The Canadian Food Inspection Agency (CFIA) announced¬†that it had discovered a small number of glyphosate-tolerant wheat plants growing in an isolated access road in southern Alberta last year.
After extensive research CFIA has confirmed that the material is not in the grain supply nor was it grown in any commercial fields, meaning it is not part of the food system. CFIA also confirmed that the plants do not pose any risk to human health or the environment.
“For the plant science industry, good stewardship means making sure processes and practices are in place to ensure¬†plant science innovations are safe, sustainable and effective ‚ÄĒ from initial research and development all the way to end-of-life product disposal. The ability of the Canadian system to identify an extremely small number of plants, conduct inspection activities, and respond appropriately is a testament to the strength of this system,” says CropLife Canada in a statement.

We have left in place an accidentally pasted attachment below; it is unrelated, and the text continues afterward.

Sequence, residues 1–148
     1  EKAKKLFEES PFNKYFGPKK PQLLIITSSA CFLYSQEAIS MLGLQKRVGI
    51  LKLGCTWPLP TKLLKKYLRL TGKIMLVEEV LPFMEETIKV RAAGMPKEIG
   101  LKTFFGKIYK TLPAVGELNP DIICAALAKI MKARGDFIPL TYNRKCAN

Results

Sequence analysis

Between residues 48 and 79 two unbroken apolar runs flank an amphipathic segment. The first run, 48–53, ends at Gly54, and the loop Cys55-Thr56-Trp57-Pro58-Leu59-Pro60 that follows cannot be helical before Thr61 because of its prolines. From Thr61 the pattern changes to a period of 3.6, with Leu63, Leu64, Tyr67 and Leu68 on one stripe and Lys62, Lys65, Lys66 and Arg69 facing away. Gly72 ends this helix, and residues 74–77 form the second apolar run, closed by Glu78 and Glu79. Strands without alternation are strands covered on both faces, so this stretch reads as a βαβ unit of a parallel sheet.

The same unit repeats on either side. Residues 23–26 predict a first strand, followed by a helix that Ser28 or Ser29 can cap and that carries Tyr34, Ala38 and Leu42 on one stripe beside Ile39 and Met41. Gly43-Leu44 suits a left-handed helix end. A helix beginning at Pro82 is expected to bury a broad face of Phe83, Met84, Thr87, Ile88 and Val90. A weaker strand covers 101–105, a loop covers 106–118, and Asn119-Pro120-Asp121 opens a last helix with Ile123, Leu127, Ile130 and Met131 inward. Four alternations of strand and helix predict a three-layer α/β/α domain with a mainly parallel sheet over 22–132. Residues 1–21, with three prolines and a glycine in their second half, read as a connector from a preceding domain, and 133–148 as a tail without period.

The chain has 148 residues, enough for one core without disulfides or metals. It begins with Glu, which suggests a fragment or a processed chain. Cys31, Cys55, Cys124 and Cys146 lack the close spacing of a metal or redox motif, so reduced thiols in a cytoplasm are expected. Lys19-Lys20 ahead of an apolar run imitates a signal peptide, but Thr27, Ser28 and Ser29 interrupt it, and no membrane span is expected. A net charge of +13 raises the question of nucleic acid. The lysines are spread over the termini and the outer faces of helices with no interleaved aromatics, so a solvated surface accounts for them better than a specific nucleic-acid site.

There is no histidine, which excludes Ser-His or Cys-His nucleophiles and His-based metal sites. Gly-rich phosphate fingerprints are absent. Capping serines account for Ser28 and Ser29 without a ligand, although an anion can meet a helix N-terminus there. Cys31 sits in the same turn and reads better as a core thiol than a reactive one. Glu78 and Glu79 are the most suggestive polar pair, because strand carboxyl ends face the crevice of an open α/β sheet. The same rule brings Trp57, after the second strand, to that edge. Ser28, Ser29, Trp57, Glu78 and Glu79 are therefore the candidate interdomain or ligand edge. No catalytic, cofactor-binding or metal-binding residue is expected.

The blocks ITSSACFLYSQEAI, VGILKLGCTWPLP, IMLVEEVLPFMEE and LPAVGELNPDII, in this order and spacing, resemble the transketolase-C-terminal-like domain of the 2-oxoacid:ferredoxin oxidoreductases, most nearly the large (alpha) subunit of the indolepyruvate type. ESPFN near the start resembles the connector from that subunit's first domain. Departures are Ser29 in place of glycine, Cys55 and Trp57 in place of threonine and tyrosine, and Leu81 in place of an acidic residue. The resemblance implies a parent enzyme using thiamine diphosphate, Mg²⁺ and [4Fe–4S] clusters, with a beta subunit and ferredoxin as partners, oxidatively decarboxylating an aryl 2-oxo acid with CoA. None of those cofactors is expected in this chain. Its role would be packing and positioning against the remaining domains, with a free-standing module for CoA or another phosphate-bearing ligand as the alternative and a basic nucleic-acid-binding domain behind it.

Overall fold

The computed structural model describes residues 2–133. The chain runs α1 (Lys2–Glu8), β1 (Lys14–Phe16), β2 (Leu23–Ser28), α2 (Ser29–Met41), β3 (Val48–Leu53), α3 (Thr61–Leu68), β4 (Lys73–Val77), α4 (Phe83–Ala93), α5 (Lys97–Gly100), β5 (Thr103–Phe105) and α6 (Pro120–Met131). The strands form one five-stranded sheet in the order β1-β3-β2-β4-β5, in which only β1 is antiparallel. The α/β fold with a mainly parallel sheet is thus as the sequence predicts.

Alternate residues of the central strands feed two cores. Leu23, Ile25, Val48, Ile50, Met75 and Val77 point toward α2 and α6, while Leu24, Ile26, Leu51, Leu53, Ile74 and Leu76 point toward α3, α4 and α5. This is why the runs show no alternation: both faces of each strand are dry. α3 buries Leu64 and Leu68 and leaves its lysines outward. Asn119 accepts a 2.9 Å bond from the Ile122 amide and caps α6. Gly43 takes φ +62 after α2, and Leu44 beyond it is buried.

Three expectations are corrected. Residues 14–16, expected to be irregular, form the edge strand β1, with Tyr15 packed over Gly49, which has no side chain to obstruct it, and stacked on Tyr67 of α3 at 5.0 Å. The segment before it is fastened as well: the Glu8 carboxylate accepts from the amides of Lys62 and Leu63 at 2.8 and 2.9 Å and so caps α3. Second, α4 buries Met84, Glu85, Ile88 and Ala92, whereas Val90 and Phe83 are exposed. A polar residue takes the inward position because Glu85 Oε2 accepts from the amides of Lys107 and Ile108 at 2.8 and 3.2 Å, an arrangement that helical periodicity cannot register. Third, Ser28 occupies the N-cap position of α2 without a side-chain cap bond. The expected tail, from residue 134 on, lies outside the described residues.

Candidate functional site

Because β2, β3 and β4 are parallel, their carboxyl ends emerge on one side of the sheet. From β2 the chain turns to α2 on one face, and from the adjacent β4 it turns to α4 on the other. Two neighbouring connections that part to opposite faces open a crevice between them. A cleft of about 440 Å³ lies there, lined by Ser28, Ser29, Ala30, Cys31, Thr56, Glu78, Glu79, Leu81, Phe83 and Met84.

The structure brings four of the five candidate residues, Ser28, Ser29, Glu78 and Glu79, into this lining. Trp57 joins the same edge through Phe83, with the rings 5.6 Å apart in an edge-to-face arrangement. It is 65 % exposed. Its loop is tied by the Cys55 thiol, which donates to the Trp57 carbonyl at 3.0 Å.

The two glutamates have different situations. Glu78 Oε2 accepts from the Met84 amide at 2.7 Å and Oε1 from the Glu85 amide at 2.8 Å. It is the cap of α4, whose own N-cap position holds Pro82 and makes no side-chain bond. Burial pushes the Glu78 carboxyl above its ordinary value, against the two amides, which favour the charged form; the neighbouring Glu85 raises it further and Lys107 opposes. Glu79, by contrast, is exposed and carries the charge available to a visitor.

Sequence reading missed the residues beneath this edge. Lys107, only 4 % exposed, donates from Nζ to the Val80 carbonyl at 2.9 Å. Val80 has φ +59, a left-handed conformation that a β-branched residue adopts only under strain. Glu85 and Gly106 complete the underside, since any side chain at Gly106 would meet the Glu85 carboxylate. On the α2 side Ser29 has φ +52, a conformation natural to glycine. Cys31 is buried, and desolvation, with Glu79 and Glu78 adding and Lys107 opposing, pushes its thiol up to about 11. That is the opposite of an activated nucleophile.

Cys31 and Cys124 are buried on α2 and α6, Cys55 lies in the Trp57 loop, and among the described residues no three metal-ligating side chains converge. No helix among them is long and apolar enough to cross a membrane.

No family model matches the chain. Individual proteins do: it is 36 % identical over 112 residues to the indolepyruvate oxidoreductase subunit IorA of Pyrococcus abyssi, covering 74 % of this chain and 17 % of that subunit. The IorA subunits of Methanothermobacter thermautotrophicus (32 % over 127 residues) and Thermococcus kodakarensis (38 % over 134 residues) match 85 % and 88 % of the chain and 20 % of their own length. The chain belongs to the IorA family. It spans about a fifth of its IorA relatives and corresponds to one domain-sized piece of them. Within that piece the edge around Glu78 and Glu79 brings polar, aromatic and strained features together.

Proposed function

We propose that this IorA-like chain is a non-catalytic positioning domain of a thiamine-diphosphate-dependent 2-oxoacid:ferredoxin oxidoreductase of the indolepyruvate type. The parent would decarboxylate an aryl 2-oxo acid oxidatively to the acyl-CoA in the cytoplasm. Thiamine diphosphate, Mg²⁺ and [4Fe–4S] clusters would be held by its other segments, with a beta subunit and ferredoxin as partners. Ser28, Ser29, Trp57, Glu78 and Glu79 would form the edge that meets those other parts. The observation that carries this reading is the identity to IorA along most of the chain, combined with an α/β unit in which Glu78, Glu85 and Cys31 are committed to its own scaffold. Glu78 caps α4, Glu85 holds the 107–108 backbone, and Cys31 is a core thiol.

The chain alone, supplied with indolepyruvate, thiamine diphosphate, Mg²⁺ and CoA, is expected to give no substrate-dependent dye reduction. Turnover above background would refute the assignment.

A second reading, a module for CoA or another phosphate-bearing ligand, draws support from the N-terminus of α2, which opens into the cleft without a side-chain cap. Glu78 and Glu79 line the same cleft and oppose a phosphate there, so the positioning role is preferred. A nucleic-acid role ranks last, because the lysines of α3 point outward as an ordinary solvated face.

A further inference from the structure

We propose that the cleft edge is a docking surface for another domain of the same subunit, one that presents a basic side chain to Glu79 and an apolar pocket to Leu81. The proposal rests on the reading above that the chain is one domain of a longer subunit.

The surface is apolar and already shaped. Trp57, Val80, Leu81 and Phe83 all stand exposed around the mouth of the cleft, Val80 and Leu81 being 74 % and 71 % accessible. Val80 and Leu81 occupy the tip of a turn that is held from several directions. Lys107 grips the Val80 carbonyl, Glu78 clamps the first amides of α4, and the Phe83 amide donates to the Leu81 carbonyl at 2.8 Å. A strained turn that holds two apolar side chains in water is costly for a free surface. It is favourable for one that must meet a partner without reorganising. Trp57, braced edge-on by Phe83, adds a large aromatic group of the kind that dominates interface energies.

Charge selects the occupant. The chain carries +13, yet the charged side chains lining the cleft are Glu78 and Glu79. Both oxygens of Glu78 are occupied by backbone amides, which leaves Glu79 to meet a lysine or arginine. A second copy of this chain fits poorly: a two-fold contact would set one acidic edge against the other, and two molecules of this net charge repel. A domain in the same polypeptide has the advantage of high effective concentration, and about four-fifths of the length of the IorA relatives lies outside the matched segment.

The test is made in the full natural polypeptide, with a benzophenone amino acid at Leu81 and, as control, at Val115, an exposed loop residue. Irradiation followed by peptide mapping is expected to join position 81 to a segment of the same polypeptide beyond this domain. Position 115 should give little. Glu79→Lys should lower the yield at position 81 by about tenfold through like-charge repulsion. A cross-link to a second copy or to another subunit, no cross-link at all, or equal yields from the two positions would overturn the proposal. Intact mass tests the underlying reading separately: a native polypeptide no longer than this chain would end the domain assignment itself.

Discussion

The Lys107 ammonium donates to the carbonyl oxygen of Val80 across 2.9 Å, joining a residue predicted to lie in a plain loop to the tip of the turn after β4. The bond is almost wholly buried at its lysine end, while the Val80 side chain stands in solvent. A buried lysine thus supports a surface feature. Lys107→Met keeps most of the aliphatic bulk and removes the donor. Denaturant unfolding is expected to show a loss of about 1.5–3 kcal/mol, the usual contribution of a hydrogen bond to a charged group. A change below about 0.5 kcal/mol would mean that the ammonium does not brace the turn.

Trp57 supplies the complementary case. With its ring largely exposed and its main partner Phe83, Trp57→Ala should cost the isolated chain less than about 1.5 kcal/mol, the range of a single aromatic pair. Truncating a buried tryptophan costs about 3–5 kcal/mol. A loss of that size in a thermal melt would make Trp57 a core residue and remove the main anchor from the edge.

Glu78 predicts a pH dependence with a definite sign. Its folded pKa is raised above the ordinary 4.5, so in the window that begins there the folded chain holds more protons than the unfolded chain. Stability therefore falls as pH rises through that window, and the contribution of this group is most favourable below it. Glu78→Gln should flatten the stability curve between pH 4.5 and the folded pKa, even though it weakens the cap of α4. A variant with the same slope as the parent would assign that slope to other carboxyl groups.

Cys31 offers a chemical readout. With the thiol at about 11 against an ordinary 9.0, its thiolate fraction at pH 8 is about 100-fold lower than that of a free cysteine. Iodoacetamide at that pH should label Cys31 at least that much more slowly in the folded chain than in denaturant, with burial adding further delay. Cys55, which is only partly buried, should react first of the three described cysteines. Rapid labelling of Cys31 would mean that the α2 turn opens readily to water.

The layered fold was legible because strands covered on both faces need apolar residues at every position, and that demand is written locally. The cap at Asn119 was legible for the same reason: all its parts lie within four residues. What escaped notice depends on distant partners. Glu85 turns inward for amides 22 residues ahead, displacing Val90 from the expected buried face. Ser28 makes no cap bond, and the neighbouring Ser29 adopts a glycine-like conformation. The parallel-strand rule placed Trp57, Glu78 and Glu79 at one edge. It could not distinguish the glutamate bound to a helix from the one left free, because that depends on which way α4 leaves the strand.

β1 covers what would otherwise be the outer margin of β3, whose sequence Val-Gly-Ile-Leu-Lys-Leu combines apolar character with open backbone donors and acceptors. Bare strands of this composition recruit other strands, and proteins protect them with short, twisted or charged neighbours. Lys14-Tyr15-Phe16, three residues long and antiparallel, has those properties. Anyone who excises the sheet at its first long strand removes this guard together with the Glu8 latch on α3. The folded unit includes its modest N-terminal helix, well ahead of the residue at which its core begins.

“While this glyphosate-tolerant wheat has not been approved for commercialization in Canada, the gene that makes it glyphosate tolerant has been approved by CFIA and Health Canada in corn, soy, cotton, canola, alfalfa and sugar beets and is safe for human consumption, animal feed and for the environment.”
Furthermore, the U.S. Food and Drug Administration (FDA) confirmed the food and feed safety of this gene in wheat¬†more than¬†a decade ago, in 2004, CropLife aded.
CFIA has issued a¬†report¬†on the incident.
In an email alert, the Canadian Seed Trade Association said the Japanese Ministry of Agriculture, Forestry and Fisheries will be temporarily suspending wheat shipments to allow them time to conduct internal reviews and assessments. The Canadian government is in close talks with all trading partners, CSTA added.
“Please know that we will continue to monitor this situation very closely and will update our members accordingly. Please do not hesitate to contact the CSTA office should you have any questions or concerns.”